On 23 May, at 10:00 am, Mr. Musinyan was transported from the prison to the Head of the Investigation Department of the Murmansk Regional Federal Security Service of Russia, and the latter informed Musinyan that the prisoner’s daughter had been hijacked from a kindergarten, and allowed talking with her on the phone.

 

The Head of the Investigation Department of the Murmansk Regional Federal Security Service of Russia assured that upon Musinyan’s signing a sale agreement for 97 percent of shares of Specialized Seaport Vitino, at a nominal price of 97,000 rubles (appr. $3,000), whereas its market price was $400 mln, and the record of interrogation, Musinyan and his daughter would be released and his criminal case would be closed in near future.

 

In March 2008, officials at Murmansk Regional FSB extorted USD 3 million from Mister Musinyan to close the criminal case. If he failed to give the money within one week, they would declare him terrorist, arrest and put into prison.

 

In April 2008, Mr. Musinyan left for Lithuania and began to write letters to all bodies of power, including President and Prime Minister of the Russian Federation, asking to perform a functional audit and providing all required documents to prove the specified facts (testimonies).

 

Mister Musinyan received replies that the FSB officials had acted within the bounds of the law. When Musinyan lost his hope for a fair resolution, he filed a petition to Lithuanian gov’t for asylum and submitted required documents proving related facts.

 

On 30 December 2010, Mister Musinyan was arrested in Italy by Roman policemen, upon Russia’s request. His case was considered by the Rome Court of Appeal on 15 February. The court chaired by Dr Gian Paolo Fiorelli delivered a judgment that “there are no grounds for prosecution with an object of Musinyan’s extradition to Russia, and he is to be immediately discharged.”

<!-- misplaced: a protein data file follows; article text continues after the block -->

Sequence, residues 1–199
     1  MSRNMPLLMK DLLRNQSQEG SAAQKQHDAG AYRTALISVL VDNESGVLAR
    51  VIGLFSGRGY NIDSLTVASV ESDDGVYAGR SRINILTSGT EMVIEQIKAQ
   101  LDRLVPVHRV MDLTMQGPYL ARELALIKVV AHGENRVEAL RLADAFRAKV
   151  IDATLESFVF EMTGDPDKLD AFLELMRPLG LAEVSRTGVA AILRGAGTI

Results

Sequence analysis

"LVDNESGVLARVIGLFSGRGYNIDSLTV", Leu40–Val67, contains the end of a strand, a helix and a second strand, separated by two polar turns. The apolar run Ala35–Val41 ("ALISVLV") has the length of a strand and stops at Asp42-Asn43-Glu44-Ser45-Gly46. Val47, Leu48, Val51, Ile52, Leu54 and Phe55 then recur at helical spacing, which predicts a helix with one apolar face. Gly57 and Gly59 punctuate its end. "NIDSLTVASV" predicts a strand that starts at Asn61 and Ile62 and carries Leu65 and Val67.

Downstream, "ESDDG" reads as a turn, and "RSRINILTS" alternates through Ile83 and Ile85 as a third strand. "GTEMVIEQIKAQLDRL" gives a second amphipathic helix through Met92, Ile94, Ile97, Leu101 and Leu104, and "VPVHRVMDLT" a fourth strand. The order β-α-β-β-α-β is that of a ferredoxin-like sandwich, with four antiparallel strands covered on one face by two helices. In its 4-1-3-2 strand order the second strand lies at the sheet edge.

For all these years, the founder of one of the most profitable Northern ports has been escaping from prosecution by Russian government as he was indicted for “organization of an act of terror” in Murmansk. A method of the alleged act of terror was copied by law enforcement agencies from… materials of the anti-terror exercise held by them in November 2005. Musinyan was charged with an attempt to blow up Trader tanker, where FSB officials had drilled release of hostages and crew a year before. They certainly failed to find any technical equipment for blowing up the ship with 147-ton displacement at the businessman. Experts consider that case to be one of the most shameful in the history of combating a real threat of terrorism carried out by Russian special forces.

 

Since then, the fate of Vitino Port’s new owners is not successful. After Musinyan’s having left the country, the port was managed inefficiently. In 2008, one hundred percent of the shares of Specialized Seaport Vitino was held by three individuals: the controlling stake – by a Kazakh businessman Abliazov, and forty-nine percent – by Russian businessmen Maxim Pukhlikov and Sergey Sheklanov. By that time, a plan for the port development was elaborated, and Regulation of the Government of Russia #224-r of 24 February 2009 established boundaries of the seaport (photo by Antonio Bonanno).

      

After a while, Mr. Abliazov himself became a political refugee because of a conflict with political leaders of Kazakhstan and now lives in Great Britain. Making use of Abliazov’s having left Russia, his partners for the port development project Maxim Pukhlikov and Sergey Sheklanov tried to seize his company share.  Numerous litigations were initiated in Cyprus, Great Britain and Russia accompanied by publications in the press and mutual accusations.